This is the last part of a ten part series on the stages involved in producing a novel.
Most aspiring writers I know do not expect or want to market their books. I was no different when I started writing. I considered myself a “writer,” an “artist.” Marketing was something slightly dirty, money grubbing, something for “ad executives” and Madison Avenue. I remember telling people that "my books are my children – they may not be perfect but I love them, warts and all. You can’t sell you children!" I felt it was both beneath my dignity and beyond my capacity to aggressively get out and sell my books. I felt, furthermore, that selling books required a totally different set of skills from writing them. Even if, I told myself, I had the time to sell books (which I don’t), I wouldn’t know how to do it or be very good at it if I tried.
But as I mentioned earlier, commercial publisher have only limited budgets, which are dedicated for the most part to the books of already famous people and successful authors, while print-on-demand publishers don’t do any marketing at all. Furthermore, the sheer number of books coming onto the market makes it increasingly important to market books.
To understand the situation, let me provide some key statistics:
• In 2010 roughly 450,000 books were published in the USA.
• Of these, roughly 135,000 were self-published
• Roughly 15% of all published books were novels; e.g. some 67,000 novels were published in the U.S. in 2010 alone.
• Less than 3% of all books published in the USA sold more than 1,000 copies. That’s about 13,500 books – a lot of books! – but still only 3%.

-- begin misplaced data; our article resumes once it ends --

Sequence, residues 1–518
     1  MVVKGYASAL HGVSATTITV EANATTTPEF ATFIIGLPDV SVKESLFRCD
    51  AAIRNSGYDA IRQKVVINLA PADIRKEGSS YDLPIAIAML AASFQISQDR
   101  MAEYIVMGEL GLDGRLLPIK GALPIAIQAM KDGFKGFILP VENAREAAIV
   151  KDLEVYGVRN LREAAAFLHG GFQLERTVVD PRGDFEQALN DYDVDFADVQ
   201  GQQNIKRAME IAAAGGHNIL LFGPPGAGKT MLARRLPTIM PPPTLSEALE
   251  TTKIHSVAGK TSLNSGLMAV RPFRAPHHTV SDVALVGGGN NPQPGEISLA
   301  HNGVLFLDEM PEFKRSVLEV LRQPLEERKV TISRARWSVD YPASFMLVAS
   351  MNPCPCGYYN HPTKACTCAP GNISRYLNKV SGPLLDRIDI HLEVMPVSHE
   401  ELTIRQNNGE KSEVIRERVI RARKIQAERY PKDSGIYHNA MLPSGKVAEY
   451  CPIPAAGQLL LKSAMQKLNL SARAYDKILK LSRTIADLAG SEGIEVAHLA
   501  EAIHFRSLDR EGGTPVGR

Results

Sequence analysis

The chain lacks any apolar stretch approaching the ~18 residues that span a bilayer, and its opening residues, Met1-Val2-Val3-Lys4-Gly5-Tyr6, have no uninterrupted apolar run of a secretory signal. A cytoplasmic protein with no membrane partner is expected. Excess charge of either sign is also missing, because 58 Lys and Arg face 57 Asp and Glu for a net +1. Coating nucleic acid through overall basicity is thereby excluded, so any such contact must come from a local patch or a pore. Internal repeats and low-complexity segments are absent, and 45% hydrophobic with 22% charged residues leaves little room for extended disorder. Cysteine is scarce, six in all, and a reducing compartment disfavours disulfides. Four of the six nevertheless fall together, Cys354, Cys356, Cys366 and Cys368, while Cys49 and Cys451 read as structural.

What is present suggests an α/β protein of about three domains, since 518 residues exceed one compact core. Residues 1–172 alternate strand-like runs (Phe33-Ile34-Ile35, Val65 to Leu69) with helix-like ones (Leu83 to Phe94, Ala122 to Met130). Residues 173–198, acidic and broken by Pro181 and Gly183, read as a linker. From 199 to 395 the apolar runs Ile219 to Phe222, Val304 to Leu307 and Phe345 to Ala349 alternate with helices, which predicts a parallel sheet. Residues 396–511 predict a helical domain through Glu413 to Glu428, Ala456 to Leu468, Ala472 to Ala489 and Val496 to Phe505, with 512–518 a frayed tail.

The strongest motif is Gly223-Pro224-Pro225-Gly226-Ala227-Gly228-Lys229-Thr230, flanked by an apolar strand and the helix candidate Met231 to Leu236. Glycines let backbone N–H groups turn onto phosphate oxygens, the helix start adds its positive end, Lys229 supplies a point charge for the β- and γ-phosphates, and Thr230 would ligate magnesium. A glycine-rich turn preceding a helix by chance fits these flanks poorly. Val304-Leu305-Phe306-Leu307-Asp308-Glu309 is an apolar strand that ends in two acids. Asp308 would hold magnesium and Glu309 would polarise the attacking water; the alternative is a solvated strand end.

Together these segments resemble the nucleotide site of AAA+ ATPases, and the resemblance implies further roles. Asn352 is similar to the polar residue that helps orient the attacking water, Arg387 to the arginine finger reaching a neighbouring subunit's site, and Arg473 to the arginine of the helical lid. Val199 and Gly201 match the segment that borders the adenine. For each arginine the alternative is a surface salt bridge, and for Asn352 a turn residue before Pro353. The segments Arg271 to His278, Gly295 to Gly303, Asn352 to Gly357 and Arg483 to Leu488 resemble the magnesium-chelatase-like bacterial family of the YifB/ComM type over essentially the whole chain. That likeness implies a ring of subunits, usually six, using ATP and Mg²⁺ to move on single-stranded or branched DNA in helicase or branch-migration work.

• Today, on average, each published title sells 70 copies. That means for every best seller that sells 10,000s, 100,000s or even a million books, there are a lot of books out there that sell only a handful of copies.
In short, if you are not a celebrity or an otherwise already a successful author, the chances are your book is going to be one of those that sells less than seventy copies – unless you are prepared to do something to promote your book yourself. Thus, whether you like the idea of marketing your book on not, and whether you think you are suited to the task or not, it is advisable to be prepared to market your own product.
There are two ways of doing this, of course. One is to hire a professional book or literary publicist. There are many agencies offering marketing and publicity services to authors today. Many are very professional and good. They are not cheap. I was quoted a price of $1,000 per day by one London agency -- with no guarantees of success. There are also a lot of agencies out there offering services at a reasonable price. Most of these have a standard package of services (press release, reviews, website, social media page, twitter, book fairs, contests). They do not have time to read the books they market. They don’t need to. They rely heavily on in-put from the author and operate using a “cookie cutter” approach. They can afford to charge reasonable fees precisely because they churn out marketing materials for lots of books that are pretty much the same regardless of the book.
Alternatively, you can try to do all the marketing yourself. This requires a lot of time, effort and above all patience. At a minimum, you will need at least one website with considerable content – not just the cover image and cover blurb. You will need to have a blog -- again with serious content that is updated regularly. You should be prepared to surf the internet for the blogs and websites of your competitors and to actively take part in social media forums on topics related to your book. Other things you can do are:
• Enter your book in literary contests
• Place ads for your book in newspapers, journals etc.
• Pay to have your book to be displayed at book fairs
• Organize readings and signings at your local book shop (but don’t expect a lot of people to come!)
Most important, be creative. The world of book marketing is wide, wild and constantly changing.
Just remember, unless you are prepared to market you finished product, that wonderful flash of inspiration that you had at the start of the creative process is likely to be drowned in the ocean of books flooding the market and will end up as one of those titles that does not sell even 100 copies.